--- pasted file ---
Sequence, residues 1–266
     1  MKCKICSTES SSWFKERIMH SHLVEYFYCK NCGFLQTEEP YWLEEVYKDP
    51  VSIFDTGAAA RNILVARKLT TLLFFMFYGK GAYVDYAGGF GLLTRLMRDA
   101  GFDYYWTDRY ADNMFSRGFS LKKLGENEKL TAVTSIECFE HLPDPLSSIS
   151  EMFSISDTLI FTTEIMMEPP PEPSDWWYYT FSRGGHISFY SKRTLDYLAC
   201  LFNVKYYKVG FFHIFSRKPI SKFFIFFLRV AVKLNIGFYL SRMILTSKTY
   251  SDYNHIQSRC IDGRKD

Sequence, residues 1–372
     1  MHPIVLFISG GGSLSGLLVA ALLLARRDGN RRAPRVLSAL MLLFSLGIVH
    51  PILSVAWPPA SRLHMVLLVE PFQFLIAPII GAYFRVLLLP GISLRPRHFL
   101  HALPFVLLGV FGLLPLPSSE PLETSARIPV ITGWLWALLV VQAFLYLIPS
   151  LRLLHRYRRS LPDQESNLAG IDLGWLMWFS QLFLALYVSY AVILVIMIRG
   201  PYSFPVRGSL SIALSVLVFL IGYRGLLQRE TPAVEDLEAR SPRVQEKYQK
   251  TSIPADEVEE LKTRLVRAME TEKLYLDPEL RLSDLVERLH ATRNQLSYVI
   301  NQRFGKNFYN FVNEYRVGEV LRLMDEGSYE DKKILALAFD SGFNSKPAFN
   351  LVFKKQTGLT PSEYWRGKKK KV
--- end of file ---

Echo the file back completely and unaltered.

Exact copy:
Sequence, residues 1–266
     1  MKCKICSTES SSWFKERIMH SHLVEYFYCK NCGFLQTEEP YWLEEVYKDP
    51  VSIFDTGAAA RNILVARKLT TLLFFMFYGK GAYVDYAGGF GLLTRLMRDA
   101  GFDYYWTDRY ADNMFSRGFS LKKLGENEKL TAVTSIECFE HLPDPLSSIS
   151  EMFSISDTLI FTTEIMMEPP PEPSDWWYYT FSRGGHISFY SKRTLDYLAC
   201  LFNVKYYKVG FFHIFSRKPI SKFFIFFLRV AVKLNIGFYL SRMILTSKTY
   251  SDYNHIQSRC IDGRKD

Sequence, residues 1–372
     1  MHPIVLFISG GGSLSGLLVA ALLLARRDGN RRAPRVLSAL MLLFSLGIVH
    51  PILSVAWPPA SRLHMVLLVE PFQFLIAPII GAYFRVLLLP GISLRPRHFL
   101  HALPFVLLGV FGLLPLPSSE PLETSARIPV ITGWLWALLV VQAFLYLIPS
   151  LRLLHRYRRS LPDQESNLAG IDLGWLMWFS QLFLALYVSY AVILVIMIRG
   201  PYSFPVRGSL SIALSVLVFL IGYRGLLQRE TPAVEDLEAR SPRVQEKYQK
   251  TSIPADEVEE LKTRLVRAME TEKLYLDPEL RLSDLVERLH ATRNQLSYVI
   301  NQRFGKNFYN FVNEYRVGEV LRLMDEGSYE DKKILALAFD SGFNSKPAFN
   351  LVFKKQTGLT PSEYWRGKKK KV